Useful Information

A visa is required for entry into the country; application to the Yemeni consulate can be made at the earliest two months, at the latest one month before the start of your journey. Details of necessary documents can be found at:


A number of airlines fly to Sana'a International or Aden airports, mostly with a stopover, sometimes in combination with an overnight stay.

The following airlines fly to Sana'a:

Yemenia from Frankfurt, London, Paris, Rome
Lufthansa from Frankfurt 
Royal Jordanian via Amman
Turkish Airlines via Istanbul
Egypt Air via Cairo 
Emirates via Dubai 
Gulf Air via Bahrain & Abu Dhabi

You will find the best connections through the internet.
Currently, only Yemenia (from Sana'a) and Royal Jordanian fly to Aden airport, which is undergoing extension. Both airports are close to the towns. We will collect you from the airport and take you back there for departure. Almost all European flights arrive and depart at night or very early in the morning. Please let us know the exact details of your flights, with the flight numbers.

Vaccinations are not compulsory, but prophylactic measures against malaria, hepatitis and tetanus are recommended. The altitudes of over 2,000 metres in Sana'a and up to 3,000 metres in the mountains, together with the extreme temperature variations of up to 20°C, require a healthy constitution. Besides your personal medication, sanitary products and the standard sticking-plaster, bandages and disinfectant, your first-aid kit should include the following medication: antibiotics, eye drops, drops or tablets in case of diarrhoea, constipation or influenza, antiseptic ointment, sun cream (at least factor 12), insect repellent and electrolytes. There are well-equipped hospitals in Sana'a and elsewhere.

The climate is as varied as the geology. In the mountains (altitudes of 2,000-2,600 m) the climate is temperate all year round, with average daytime temperatures of around 20°C, though during the winter months it can go down as low as 1°C at night. Nights in the desert are cold, so you will need warm clothes and a sleeping-bag. In April/May and July to September, it often rains every day in the highlands, though generally only briefly. In the coastal regions on the Red Sea (Tihama) and the Arabian Sea, the climate is hot and humid, with temperatures of 28°C in winter and 36-38°C in summer. The best time to travel is between October and March, when the daytime temperatures in the highlands are around 25°C, and 5-10°C at night. Travel in the highlands can also be recommended in the summer months. Occasionally, strong winds may fill the air with sand, but mostly the colours are bright and the views wonderfully clear. Between June and October, you can experience the "green Yemen" in the north and west of the country.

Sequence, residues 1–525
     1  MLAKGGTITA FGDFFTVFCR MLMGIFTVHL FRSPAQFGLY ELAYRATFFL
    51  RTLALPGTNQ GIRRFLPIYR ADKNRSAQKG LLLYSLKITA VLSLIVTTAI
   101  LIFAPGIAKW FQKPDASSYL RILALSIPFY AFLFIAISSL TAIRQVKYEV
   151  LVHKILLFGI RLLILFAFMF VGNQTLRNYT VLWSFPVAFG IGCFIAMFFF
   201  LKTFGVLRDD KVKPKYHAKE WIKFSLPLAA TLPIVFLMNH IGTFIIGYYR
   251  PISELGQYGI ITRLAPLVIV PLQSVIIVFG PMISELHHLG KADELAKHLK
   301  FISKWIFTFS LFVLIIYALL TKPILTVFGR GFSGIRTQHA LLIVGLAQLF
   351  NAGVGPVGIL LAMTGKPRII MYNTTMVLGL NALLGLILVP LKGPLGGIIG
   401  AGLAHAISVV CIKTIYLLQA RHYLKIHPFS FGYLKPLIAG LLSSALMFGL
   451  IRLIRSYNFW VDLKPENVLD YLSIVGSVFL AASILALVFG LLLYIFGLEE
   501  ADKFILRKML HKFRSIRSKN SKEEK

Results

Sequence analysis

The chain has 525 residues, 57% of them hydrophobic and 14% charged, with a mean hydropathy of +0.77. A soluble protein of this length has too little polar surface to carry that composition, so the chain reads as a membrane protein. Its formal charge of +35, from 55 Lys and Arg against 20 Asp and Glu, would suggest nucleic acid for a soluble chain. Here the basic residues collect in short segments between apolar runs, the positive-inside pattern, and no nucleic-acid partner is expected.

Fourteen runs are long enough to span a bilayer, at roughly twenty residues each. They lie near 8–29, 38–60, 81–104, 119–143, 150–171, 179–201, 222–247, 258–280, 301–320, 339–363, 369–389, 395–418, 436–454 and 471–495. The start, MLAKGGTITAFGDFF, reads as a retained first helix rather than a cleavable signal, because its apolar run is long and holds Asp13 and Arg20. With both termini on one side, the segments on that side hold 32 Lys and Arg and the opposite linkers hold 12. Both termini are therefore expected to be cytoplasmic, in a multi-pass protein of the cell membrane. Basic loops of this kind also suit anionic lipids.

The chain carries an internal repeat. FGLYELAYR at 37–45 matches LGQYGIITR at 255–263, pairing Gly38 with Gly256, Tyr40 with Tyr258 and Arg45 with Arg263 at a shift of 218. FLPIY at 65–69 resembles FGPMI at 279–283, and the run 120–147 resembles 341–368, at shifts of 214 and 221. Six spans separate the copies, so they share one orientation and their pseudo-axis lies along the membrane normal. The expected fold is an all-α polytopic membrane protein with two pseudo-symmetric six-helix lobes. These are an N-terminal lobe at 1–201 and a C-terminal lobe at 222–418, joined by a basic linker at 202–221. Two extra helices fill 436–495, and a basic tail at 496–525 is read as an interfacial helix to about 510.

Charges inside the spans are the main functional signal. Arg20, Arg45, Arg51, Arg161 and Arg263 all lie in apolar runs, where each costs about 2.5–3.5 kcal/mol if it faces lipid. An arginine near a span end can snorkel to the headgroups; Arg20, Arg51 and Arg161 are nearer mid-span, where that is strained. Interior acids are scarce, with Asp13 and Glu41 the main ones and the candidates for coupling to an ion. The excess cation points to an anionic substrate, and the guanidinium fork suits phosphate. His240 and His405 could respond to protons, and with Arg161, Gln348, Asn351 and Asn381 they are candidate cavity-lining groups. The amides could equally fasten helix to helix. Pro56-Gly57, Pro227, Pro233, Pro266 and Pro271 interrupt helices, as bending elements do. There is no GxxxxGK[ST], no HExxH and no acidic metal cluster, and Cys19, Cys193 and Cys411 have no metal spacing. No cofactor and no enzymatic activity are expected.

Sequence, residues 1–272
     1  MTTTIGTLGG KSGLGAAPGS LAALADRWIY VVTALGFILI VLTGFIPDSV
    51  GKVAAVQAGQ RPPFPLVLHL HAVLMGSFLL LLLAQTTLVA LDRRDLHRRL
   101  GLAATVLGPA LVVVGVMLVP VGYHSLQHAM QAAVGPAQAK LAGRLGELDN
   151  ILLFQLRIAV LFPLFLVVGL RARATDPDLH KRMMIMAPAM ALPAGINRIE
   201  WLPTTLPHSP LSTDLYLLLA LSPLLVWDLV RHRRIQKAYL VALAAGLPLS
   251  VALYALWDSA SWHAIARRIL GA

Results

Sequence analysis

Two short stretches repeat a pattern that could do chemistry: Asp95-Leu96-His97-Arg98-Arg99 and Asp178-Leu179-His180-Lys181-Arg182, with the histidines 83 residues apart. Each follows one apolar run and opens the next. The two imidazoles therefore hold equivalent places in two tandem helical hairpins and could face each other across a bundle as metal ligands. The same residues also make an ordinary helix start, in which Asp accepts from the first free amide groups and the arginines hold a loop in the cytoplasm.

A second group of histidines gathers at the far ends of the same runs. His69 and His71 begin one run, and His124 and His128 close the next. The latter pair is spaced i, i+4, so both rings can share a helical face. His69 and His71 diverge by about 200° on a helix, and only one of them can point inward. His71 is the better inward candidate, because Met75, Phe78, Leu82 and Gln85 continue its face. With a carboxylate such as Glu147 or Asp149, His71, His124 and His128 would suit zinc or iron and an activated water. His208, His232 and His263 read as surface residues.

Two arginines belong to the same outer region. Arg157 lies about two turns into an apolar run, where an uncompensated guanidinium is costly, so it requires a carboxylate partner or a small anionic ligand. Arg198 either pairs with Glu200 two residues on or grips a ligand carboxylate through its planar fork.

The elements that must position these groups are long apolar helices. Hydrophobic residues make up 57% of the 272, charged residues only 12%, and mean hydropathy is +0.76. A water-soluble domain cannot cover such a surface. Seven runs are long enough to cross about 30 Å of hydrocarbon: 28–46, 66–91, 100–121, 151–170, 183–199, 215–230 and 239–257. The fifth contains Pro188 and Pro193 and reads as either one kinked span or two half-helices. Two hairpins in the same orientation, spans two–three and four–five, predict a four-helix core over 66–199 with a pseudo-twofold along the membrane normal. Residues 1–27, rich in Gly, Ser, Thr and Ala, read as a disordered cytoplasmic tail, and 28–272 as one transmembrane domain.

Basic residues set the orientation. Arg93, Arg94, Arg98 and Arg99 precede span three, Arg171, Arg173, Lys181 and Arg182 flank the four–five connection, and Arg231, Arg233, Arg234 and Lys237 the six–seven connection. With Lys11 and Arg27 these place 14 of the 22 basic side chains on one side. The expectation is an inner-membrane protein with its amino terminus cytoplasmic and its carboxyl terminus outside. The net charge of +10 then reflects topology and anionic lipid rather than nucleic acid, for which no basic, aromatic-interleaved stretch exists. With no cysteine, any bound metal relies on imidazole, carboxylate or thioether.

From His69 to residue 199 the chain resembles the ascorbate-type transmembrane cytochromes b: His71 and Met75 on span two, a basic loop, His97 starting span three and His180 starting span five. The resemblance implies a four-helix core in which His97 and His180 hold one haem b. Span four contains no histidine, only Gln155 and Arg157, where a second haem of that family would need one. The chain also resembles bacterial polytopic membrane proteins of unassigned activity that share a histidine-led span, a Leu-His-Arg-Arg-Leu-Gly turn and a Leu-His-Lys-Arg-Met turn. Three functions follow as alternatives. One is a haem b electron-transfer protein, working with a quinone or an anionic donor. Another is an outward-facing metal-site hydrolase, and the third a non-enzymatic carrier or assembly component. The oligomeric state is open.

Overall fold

Abductions of tourists were due to problems of domestic policy, and always ended after a few days with no danger to the captives. Basically, Yemen is a safe country to travel in. In Islamic countries, theft is a serious crime and is severely punished. Tourists are very welcome, and the Yemeni people are hospitable to foreigners and eager to enter into conversation – though this is confined mainly to sign language, since a common language is hard to find. We assume that you wish to find out more about Yemen and its people, and we will provide you with opportunities to make personal contact. Alkhadher Mhosen Ali Alsharafi has over fifeteen years' experience in the Yemeni tourist business, and the safety of our guests is his highest priority. Please understand if we occasionally have to change the itinerary as a precautionary measure; in every case we will do our very best to ensure that our guests will enjoy the promised route.

Yemen - Islam - Arabien
Yemen has its roots in Islam and in the Bedouin traditions. This is precisely what makes us regard it with a mixture of fascination and reserve. Nowhere else can we see the traditions of the Arabian desert-dwellers and Islam practised as a religion of the people so authentically as in Arabia Felix. Islam shapes not only the religious rites and the holidays, but also largely the everyday life of the close-knit families, their eating habits, hygiene, dress codes and interpersonal contacts.

Id al-Fitr (End of Ramadan)
International Workers' Day: 1 May
Id al-Hadj (Kabir)
New Year
Birthday of the Prophet
Revolution day: 26 September
National holiday: 14 November

Working Hours
Government offices are open daily 8 a.m. - 2 p.m. Friday is a holiday. Private institutions and offices are open daily except Friday 8 a.m. - 1 p.m. and 4 p.m. - 8 p.m. Shops and markets stay open until late evening.